49. Use an Agile Approach to Schema Development - The schema should be built incrementally based on actual requirements and evolve smoothly over time.
50. Iteratively Improve Performance - Performance management should be a continuous, data-driven process, adapting smoothly to changing query loads and service implementations.
51. Use Graph Metadata to Empower Developers - Developers should be equipped with rich awareness of the graph throughout the entire development process.
This one made me chuckle when I first read it, the phrasing is so powerful!
Essentially, ensure your developers can easily access Graph information, have good tools and use them.
52. Access and Demand Control - Grant access to the graph on a per-client basis, and manage what and how clients can access it.
53. Structured Logging - Capture structured logs of all graph operations and leverage them as the primary tool for understanding graph usage.
Logging should be one of the first things you consider, not one of the last. In order to understand your graph usage and iteratively improve performance (Principle #6) you’re going to need this information.
54. Separate the GraphQL Layer from the Service Layer - Adopt a layered architecture with data graph functionality broken into a separate tier rather than baked into every service.
55. The most important thing about GraphQL is...
With all of these things in mind, and considering all of the benefits of GraphQL - what do you think the most important thing about GraphQL is? I have my own opinion, which I will share. But I’d like you to consider for a moment what is most impactful for you and your team.
56. I believe the most important thing about GraphQL is the schema(.graphql), with this you unlock incredible features and potential for you and your teams.
57. You will have many data stores and services but one graph
58. So with many data stores, you might be asking how will I generate this schema?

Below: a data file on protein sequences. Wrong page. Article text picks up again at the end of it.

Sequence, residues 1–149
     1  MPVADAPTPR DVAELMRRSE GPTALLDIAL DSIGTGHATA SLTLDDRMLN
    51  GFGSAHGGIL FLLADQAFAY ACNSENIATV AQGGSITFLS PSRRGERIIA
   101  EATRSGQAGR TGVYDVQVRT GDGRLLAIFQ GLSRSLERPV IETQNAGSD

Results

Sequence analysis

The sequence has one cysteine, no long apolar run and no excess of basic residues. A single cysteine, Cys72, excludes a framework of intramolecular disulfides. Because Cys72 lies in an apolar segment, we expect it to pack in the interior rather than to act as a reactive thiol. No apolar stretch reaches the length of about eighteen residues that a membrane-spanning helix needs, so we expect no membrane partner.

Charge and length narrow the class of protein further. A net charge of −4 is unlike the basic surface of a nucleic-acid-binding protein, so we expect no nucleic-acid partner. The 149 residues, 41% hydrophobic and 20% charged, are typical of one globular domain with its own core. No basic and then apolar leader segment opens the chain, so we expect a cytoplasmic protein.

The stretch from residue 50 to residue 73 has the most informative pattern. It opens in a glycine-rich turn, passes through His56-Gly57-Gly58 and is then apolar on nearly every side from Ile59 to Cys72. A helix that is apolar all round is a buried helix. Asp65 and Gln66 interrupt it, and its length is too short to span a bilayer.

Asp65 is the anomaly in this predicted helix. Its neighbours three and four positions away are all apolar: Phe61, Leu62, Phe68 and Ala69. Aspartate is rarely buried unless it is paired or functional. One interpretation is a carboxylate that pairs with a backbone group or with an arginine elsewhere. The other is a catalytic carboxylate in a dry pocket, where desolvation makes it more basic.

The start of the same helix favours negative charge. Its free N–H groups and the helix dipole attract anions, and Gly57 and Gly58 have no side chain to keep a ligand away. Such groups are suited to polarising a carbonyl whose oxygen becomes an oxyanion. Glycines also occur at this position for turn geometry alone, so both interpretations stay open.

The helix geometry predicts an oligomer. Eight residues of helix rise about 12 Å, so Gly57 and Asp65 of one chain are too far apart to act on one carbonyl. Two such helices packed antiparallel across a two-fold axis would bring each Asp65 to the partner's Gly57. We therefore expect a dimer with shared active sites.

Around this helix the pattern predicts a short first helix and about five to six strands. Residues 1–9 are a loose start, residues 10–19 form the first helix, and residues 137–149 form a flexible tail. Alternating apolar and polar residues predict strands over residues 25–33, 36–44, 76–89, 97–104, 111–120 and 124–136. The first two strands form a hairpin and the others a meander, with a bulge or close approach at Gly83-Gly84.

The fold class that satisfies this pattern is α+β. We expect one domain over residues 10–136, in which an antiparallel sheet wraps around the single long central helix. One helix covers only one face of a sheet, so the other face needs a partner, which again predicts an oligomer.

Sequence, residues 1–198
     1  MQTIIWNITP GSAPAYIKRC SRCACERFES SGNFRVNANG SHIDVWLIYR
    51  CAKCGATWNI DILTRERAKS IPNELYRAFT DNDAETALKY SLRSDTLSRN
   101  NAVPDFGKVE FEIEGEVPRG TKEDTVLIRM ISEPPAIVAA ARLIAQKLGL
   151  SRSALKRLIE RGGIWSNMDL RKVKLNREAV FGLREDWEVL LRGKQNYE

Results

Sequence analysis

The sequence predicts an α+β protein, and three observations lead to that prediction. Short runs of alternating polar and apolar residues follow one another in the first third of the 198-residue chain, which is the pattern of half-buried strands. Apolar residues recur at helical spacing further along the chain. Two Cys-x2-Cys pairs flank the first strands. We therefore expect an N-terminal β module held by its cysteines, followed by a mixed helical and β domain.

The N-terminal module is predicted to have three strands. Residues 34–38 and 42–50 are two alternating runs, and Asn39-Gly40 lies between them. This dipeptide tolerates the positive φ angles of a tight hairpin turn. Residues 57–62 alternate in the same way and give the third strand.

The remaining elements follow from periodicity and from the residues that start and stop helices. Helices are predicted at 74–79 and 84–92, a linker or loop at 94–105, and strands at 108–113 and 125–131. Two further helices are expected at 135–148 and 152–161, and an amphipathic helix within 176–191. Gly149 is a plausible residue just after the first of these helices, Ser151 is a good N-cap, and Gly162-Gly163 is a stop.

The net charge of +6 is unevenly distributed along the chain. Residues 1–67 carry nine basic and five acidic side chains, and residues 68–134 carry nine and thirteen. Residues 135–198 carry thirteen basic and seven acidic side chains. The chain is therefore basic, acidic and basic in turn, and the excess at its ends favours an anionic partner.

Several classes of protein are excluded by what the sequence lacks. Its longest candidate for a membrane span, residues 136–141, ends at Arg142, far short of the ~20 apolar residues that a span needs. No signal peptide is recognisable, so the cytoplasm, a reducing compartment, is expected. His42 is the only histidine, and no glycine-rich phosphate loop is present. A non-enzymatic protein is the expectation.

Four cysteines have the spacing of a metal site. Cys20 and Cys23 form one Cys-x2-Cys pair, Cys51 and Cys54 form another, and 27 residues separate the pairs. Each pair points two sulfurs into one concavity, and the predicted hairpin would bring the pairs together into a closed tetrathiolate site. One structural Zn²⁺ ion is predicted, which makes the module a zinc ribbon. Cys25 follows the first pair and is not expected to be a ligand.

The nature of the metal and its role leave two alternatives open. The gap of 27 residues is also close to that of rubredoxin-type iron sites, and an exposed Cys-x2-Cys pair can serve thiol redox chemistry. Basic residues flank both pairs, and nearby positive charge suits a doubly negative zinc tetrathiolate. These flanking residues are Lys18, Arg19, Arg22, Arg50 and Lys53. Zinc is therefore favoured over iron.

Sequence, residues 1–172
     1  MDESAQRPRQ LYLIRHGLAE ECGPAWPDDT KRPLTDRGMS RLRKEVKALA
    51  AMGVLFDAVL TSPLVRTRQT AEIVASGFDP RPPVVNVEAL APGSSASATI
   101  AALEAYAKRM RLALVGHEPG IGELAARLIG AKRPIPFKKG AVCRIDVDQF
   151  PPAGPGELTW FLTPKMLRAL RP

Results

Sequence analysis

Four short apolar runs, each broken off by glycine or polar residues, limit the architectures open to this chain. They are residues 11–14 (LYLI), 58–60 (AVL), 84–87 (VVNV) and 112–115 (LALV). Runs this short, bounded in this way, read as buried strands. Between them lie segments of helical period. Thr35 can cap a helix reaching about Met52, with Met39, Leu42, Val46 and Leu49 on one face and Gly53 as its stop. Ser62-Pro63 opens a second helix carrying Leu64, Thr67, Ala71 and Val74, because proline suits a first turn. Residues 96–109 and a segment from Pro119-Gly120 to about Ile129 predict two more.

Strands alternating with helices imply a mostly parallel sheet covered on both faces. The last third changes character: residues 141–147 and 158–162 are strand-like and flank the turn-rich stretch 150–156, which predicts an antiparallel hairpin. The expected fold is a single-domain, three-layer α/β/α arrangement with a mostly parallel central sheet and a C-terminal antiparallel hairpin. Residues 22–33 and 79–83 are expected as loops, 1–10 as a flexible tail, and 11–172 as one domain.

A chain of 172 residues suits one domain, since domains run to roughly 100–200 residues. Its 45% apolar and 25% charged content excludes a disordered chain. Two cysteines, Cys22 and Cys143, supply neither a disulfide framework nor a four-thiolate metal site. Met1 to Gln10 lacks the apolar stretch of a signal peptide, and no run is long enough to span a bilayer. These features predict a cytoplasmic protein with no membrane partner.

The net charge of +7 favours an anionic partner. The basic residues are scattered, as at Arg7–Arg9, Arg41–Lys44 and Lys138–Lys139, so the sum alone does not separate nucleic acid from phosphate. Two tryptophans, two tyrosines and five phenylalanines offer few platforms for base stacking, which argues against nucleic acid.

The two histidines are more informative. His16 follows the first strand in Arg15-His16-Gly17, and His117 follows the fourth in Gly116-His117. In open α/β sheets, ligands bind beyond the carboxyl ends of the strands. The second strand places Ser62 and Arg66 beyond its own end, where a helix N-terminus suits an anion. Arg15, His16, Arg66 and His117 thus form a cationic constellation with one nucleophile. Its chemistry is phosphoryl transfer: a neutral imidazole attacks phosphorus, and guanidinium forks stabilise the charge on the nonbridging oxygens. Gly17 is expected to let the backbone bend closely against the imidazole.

59. When you read GraphQL Principle #2, you’ll probably see the value in federating the schema authorship as well.
60. What if I want to distribute my schema authorship across my services?
61. This. Is. Difficult.
62. This. Is. Confusing.
63. Schema Stitching, Schema Federation,
GraphQL Gateway, GraphQL Modules,
Namespaces, Schema Delegation,
64. Point-point communication without GraphQL as a requirement can be optimized in a way that is free of client constraints and use cases
65. Use cases are the relationship between features and the necessary data.
66. Don’t design your schema based on your services architecture.
This is something that your API consumers do not need to, or want to understand.
And if you properly abstract your services architecture, you’re free to change your services without making your data graph obsolete and outdated.
67. You may be familiar with this pattern originally made famous by SoundCloud, Phil Calcado (not at Meetup) recently revisited this concept in contrast to GraphQL and found that these concepts are not mutually exclusive.
68. If you do distribute your schema, “stitch” statically, track changes.
I have to take a page from Marc-Andre’s book here (not actually, though he is writing a book!) and recommend you not stitch dynamically. But ideally, distribute your execution, not your schema
69. Let your individual service teams work on optimizing their domains.
70. If this is the kind of content that is interesting and useful to you and your work, I highly recommend these talks from GraphQL Conf.
71. So, you want to use a GraphQL API. Let’s talk about tools.
72. You’ve got a schema, how do you use it?
73. I quite like graphql-cli, an OSS offering form the Prisma OSS team.
74. All you need to do to get started with graphql-cli and your project, is to run `graphql init`. The CLI will ask you to answer a few questions, and then generate a .graphqlconfig file for you.
And don’t worry, if your GraphQL API requires something like an Authorization header, it’s easy to configure that as well.
75. Once you have a configuration file, it’s as easy as running `graphql get-schema` to hit your API and create a schema.graphql file locally in your project.
With the schema file saved in your project, a whole world of tooling and validation will be available to you.